A disturbing look at the traditional American view of the “Family Dinner”

Director: Oren Moverman/2017

Starring: Richard Gere, Laura Linney, Steve Coogan, Rebecca Hall

The very notion of having a “family dinner” is something that is seen in American society as a wonderful time where families bond, unwind, discuss their day, and set aside all of life’s distractions in order to find refuge in the one place that is supposed to be safe.

This is not that dinner.

Director Oren Moverman delivers a screenplay based on the book by Herman Koch of one family dinner that works the complete inverse of the ideal I described.  This is a dinner where everyone seated around the table has their own agenda and secrets, each playing the others in order to divide, get wound up, avoid the issues they must face, and look for any distraction that can, and any lie they can believe, to justify just how disgusting they truly are.  This dinner, while being served exquisite food, is already ruined before it begins.

Despite excellent performances, this is one meal that will not “hit the spot”, and may leave one with more indigestion than savory flavor by the time the check arrives.

Paul Lohman (Steve Coogan-The Trip to Italy, Philomena) and his wife Claire (Laura Linney-Love Actually, The Exorcism of Emily Rose) are preparing to attend a dinner with Paul’s brother Stan (Richard Here-Pretty Woman, The Second Best Exotic Marigold Hotel) and his second wife Katelyn (Rebecca Hall-Christine, Iron Man 3).  Despite being brothers, Paul, a former history teacher, has no love for his congressman brother.  An expert on war, and the idea that there is always a winner, Paul fights as every bit the politician his brother is, even when denying that they are two sides of the same coin.  They are oil and water, but they are truly cut from the same cloth.

The dinner is arranged by Stan who, despite being bogged down with trying to guide a bill to passage the next morning and trying to run for Governor, is determined to deal with a horrific act perpetrated by he and Paul’s sons.  Each person has their own angle on the act, and their own idea of what truly happened, but as the dinner plays out, the truly horrific act is being conducted amongst the family disfunction seated around the dinner table.

Oren Moverman, who wrote the excellent Brian Wilson story, Love & Mercy, has a little bit tougher time with The Dinner, but there is still plenty to like by the time the credits roll.  The film weaves back and forth between the dinner and a series of flashbacks that slowly reveal the horrific act that is the dreaded topic of conversation at the night’s dinner, as well as other scenes that shed more light on the personal demons of the four main players, primarily Paul and Claire.

As he does in many of his films that he has either written, or directed, Oren Moverman, reaches deep into the world of mental illness, and like the Richard Gere starring Time Out of Mind, he also shows the effect it has on the homeless.  Only here, that stereotype is turned on its head, as he also uses the story to take subtle jabs at racism, privilege, and the notion of parenthood existing as a means to protect one’s child and give them every chance to succeed, even in the face of unimaginable and tragic events.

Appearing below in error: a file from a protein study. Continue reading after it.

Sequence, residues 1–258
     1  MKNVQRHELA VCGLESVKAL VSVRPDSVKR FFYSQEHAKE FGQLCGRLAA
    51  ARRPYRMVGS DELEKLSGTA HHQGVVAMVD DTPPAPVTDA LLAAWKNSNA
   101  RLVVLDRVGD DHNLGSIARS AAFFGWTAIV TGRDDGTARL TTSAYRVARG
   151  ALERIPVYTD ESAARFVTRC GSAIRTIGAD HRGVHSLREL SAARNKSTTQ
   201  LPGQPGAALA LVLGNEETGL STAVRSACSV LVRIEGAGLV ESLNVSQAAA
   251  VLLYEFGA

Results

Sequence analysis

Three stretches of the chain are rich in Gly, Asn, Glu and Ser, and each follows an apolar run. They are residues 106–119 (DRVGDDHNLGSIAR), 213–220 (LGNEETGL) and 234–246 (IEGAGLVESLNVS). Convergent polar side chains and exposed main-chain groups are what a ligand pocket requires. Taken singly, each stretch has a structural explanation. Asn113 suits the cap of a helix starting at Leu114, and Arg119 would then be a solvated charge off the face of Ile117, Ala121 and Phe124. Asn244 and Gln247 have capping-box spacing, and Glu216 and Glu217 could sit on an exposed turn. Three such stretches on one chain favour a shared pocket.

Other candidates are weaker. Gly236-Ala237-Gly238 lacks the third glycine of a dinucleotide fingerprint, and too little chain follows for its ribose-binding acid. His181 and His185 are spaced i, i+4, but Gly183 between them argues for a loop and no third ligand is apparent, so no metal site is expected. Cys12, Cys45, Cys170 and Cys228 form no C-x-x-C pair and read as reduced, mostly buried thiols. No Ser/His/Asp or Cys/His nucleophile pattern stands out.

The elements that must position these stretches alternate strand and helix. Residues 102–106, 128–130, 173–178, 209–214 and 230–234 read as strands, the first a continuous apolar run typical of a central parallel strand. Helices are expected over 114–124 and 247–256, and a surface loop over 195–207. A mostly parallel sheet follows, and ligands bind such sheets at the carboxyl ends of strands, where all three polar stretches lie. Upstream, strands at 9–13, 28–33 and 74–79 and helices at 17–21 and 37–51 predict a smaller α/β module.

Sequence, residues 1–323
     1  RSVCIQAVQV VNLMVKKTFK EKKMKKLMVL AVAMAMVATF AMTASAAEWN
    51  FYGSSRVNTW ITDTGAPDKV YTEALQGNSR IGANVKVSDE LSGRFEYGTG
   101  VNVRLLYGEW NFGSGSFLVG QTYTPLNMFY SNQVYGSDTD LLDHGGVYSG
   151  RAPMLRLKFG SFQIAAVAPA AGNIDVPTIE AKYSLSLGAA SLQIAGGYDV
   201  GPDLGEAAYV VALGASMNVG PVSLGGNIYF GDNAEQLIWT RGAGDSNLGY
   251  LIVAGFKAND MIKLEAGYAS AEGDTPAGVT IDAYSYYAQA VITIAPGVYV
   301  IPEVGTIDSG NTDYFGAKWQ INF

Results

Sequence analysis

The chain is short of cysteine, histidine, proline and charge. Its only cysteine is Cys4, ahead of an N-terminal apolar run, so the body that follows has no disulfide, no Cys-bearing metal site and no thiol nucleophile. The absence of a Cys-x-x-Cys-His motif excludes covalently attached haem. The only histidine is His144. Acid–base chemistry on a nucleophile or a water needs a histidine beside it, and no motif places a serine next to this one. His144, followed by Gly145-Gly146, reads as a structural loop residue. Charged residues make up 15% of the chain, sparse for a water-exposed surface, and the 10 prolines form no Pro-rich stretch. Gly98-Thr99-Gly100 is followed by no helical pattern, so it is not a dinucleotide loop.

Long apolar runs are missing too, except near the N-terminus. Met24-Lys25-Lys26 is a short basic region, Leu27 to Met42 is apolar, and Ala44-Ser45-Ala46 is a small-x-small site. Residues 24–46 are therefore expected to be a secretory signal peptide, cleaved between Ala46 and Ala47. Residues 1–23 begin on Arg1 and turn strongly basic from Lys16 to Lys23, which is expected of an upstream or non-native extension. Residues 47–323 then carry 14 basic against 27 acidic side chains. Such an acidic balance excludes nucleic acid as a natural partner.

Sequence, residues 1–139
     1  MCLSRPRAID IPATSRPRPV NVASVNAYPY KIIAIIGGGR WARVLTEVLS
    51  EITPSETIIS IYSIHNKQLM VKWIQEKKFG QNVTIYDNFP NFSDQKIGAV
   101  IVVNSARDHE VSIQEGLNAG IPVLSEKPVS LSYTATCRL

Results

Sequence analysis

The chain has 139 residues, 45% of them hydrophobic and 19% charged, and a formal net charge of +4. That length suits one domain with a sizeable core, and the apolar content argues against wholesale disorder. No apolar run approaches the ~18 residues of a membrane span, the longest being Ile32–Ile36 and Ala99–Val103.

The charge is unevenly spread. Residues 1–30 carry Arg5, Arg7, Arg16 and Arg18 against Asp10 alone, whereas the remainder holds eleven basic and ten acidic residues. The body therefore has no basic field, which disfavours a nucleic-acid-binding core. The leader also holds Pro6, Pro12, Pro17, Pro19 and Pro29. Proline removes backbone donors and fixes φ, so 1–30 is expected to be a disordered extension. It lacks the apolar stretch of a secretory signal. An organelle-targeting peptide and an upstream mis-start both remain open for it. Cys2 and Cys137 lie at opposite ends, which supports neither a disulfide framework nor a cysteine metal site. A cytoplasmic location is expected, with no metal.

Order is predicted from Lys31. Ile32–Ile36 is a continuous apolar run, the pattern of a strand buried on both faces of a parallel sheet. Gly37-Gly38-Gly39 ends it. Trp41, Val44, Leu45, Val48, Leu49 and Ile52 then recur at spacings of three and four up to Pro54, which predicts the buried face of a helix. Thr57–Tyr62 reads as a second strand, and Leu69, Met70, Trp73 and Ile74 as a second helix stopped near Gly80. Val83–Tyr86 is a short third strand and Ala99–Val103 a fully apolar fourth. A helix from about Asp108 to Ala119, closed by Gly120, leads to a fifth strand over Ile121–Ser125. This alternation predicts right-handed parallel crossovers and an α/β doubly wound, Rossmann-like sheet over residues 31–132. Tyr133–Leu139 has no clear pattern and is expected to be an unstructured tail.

Coogan is truly one of the most underrated actors today, and deserves to be given many of the type of dramatic roles once filled by Robin Williams.

Light humor is provided by the Maitre d’, Dylan Heinz (played by Michael Chernus-Orange is the New Black), who has a passion to share every detail of the meal as it is served, but who brings forth every blemish this high dollar restaurant seeks to hide.  In a way, the restaurant itself mimics some of the actions of the main players as it seeks to avoid whatever mistakes it makes, or when having to deal with it, puts on its best brave face to simply try to get through it.  When even the restaurant has an agenda, you know that you will most likely walk out of this movie with a less than rosy outlook on the notion that human beings are basically decent.

A lot of the argument of Jean-Jacques Rousseau and Thomas Hobbes is played out around this dinner table as we watch these individuals trying to decide if people are basically decent, and it is society and circumstances that corrupt that goodness, or if people are basically bad and in need of society to lift them up.  This film may provide a third option, namely that people are basically bad and since society is made up of these same types of people, it is no wonder why it too is corrupted and rotten to the core.  The sad thing is that everything that is done throughout this film is justified, compromised, and argued away revealing the notion that we are blessed with so much privilege that even our blessings are made to serve our demons.

The Dinner contains a first-class cast who give incredible performances all around.  Steve Coogan, who is always brimming with smug humor around the various dinner tables he finds himself at in his incredible films The Trip, The Trip to Italy, and the upcoming The Trip to Spain, gives a wonderfully multi-faceted performance filled with layers of depth.  Coogan is truly one of the most underrated actors today, and deserves to be given many of the type of dramatic roles once filled by Robin Williams.

Despite excellent performances, this is one meal that will not “hit the spot”, and may leave one with more indigestion than savory flavor by the time the check arrives.  Much of this is due to the pacing between the constant flashbacks, and the immense hatred you will feel towards their collective children as you watch their deeds play out over the discussion at dinner.  There is ultimately no one good…not one.  That makes this meal a little bit hard to swallow.